Australian real estate prices are rising again, according to Deloitte Access Economics’ latest Business Outlook released this week.
Average Australian real estate prices in Sydney rose by about $3000 per week in September, while Melbourne experienced a bounce of about $2500 a week.
Deloitte is also predicting ‘more to come’, noting that housing-related lending has started to climb, and auction clearance rates were returning to boomtime levels.
It’s been a stunning turnaround for the market after Australian real estate prices fell in both cities by about $2000 a week from late 2018 to early 2019.
The report from Deloitte said: ‘The rebound in Sydney’s housing prices is welcome, but it’s also bad news. It will help NSW by boosting retail and housing construction but down the track the return towards diabolical rates of housing affordability will bite into NSW’s economic and population growth.’
However, Deloitte doesn’t think the market will flip straight back into ‘bubble mode’.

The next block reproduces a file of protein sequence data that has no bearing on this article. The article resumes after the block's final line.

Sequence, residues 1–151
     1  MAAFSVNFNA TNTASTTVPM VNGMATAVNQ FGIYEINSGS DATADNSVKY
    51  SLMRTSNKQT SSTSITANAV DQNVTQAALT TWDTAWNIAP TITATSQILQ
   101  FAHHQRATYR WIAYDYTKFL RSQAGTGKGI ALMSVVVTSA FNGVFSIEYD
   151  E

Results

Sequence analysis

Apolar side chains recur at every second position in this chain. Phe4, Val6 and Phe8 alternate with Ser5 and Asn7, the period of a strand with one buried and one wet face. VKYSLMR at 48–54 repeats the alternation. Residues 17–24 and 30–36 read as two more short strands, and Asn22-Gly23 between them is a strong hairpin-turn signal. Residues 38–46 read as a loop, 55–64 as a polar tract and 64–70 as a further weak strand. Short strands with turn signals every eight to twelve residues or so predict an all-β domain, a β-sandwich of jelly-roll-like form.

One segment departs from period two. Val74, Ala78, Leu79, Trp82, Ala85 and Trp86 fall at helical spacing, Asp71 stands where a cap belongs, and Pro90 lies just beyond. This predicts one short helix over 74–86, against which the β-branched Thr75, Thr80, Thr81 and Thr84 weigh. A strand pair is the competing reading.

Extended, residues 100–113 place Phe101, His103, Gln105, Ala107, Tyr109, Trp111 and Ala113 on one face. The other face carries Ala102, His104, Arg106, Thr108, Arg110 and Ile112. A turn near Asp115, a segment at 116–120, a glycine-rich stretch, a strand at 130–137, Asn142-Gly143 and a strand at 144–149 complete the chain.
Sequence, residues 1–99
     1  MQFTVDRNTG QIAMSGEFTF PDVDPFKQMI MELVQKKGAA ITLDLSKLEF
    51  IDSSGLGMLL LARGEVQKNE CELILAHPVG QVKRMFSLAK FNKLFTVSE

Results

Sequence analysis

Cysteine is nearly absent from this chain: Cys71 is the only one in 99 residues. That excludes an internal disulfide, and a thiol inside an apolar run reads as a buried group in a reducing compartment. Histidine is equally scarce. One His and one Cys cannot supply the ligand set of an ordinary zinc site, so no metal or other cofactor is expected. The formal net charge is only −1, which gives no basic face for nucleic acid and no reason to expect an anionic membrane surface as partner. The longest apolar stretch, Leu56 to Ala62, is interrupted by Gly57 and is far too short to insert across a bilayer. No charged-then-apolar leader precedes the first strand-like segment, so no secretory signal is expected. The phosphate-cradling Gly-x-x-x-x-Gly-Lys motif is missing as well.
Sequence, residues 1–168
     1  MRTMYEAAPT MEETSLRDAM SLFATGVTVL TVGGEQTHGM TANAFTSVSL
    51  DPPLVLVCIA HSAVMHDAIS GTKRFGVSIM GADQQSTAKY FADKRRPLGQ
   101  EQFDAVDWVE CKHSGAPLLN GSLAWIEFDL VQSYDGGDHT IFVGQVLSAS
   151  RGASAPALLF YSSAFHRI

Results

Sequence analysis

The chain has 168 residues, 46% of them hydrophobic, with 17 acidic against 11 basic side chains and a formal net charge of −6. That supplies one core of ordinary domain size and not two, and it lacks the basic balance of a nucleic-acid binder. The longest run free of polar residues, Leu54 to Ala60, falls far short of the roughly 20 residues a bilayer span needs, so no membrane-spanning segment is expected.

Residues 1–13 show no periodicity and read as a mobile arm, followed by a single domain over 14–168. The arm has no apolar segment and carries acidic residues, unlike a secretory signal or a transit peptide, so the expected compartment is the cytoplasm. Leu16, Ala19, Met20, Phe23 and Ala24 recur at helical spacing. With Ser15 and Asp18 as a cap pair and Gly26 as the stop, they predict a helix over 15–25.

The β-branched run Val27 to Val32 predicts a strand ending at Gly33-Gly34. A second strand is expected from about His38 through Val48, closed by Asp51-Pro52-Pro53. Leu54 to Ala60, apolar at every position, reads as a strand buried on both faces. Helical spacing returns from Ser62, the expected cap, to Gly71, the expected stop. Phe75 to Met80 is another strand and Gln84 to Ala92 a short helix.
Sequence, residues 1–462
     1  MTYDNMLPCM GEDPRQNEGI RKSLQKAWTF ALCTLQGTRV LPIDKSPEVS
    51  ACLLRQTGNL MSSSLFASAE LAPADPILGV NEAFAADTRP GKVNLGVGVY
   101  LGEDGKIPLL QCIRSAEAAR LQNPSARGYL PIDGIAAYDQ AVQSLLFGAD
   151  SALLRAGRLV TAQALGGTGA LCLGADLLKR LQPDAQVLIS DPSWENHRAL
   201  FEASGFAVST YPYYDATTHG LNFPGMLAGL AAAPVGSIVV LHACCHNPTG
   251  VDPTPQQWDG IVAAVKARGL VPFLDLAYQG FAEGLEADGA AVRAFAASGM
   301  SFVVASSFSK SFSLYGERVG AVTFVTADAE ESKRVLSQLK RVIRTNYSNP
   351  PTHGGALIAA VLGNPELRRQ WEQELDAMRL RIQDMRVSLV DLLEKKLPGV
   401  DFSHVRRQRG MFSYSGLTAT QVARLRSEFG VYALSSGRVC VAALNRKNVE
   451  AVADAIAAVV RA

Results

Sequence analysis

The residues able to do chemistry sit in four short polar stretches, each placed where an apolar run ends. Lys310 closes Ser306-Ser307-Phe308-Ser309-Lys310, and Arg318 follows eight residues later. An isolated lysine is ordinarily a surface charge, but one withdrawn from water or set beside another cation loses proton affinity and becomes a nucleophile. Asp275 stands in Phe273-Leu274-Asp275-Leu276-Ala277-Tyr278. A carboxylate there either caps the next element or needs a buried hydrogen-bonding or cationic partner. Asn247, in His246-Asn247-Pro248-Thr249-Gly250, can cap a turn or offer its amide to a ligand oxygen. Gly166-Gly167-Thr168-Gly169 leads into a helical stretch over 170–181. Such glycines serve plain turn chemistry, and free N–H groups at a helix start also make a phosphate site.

The report said: ‘Some of the current rebound in housing prices is happening simply because the mood among buyers has recovered faster than sellers have rejoined the market.’
Despite auction clearance rates bouncing so high they would in recent years have led to an implied 10 per cent jump in Sydney and Melbourne house prices, Deloitte doesn’t think there will be the same increase this time.
The previous housing boom lasted about six years, although cities like Darwin and Perth had a much shorter cycle. Sydney was the main beneficiary, with prices rising by 70 per cent between November 2011 and 2017.
Since then prices have dropped by about 12 per cent, but the market is now showing signs of recovery.
Deloitte suggests the housing downturn in Australia alongside the drought have been the two main factors in the slowdown in the economy, with global factors not as influential as many believe.
With the corner finally turned in Australian real estate prices, overseas property investors are expected to return to the market as the economy strengthens.